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50 ASCERTAINING THE PARENTAL PERSPECTIVE OF CARING FOR A CHILD WITH BILIARY ATRESIA
  1. J. Erlichman*,
  2. J. Arvay-Nezu*,
  3. J. Shea*,
  4. B. A. Haber+
  1. *Philadelphia, PA
  2. +The University of Pennsylvania School of Medicine

Abstract

Purpose of Study Ascertaining the parental perspective of caring for a chronically ill child provides valuable insights for clinicians striving to improve patient/family satisfaction, coping, and compliance. The purpose of the present study was to understand the parental impact of caring for a child with biliary atresia (BA).

Methods Families were recruited from a registry of BA patients seen at a single center. Three focus groups were held in summer and fall of 2003 with the parents of children with BA. A total of 18 parents of 12 children with BA participated in the three group sessions. Within 48 hours of each session the investigators met as a team to aggregate the data.

Study Design Through content analysis, statements generated during the focus group sessions were indexed and categorized. Four themes emerged from the three focus group sessions: emotional stress, need for social support, lack of education, and financial burden. Emotional stress was exemplified through feelings of “guilt, anger, helplessness, fear of the future, worry.” The ideal social support structure was comprised of four elements, though not all received support from all four sources: support from the hospital staff, friends, family, and co-workers. Every parent wanted to know the cause and course of BA and many felt frustrated by this lack of information. The financial impact of BA was evidenced in many ways. Some parents lost employment, stopped working, or switched jobs as a result of their child's condition. These consistently reiterated themes illustrate the parental impact of caring for a child with BA.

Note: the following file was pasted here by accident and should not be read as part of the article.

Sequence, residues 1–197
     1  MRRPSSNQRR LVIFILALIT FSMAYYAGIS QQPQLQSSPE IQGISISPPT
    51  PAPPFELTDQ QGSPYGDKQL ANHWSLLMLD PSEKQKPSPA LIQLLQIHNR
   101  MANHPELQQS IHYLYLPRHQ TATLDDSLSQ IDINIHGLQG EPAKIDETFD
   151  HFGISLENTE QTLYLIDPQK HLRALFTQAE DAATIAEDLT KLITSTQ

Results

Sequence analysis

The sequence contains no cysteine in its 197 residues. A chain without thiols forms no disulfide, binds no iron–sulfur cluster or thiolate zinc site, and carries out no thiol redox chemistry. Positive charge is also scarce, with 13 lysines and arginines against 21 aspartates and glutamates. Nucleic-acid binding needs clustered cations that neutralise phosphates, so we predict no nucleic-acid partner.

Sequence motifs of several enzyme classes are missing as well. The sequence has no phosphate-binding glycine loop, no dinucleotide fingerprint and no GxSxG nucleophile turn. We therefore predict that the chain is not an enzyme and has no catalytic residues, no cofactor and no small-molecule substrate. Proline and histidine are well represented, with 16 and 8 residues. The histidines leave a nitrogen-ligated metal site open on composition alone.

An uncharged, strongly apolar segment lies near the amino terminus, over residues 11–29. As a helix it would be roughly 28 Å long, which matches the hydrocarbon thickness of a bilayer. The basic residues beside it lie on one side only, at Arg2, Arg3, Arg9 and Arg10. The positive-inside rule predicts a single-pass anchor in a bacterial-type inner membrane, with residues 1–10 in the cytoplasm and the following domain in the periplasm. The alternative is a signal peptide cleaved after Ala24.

Conclusions Focus group sessions such as those discussed in this abstract delineate disease-specific issues that need to be incorporated into the comprehensive medical model when dealing with the child with BA. As has been shown for other disease models, meeting these parental needs will optimize patient health care delivery; improve compliance, coping, and overall family satisfaction with the patient care experience.

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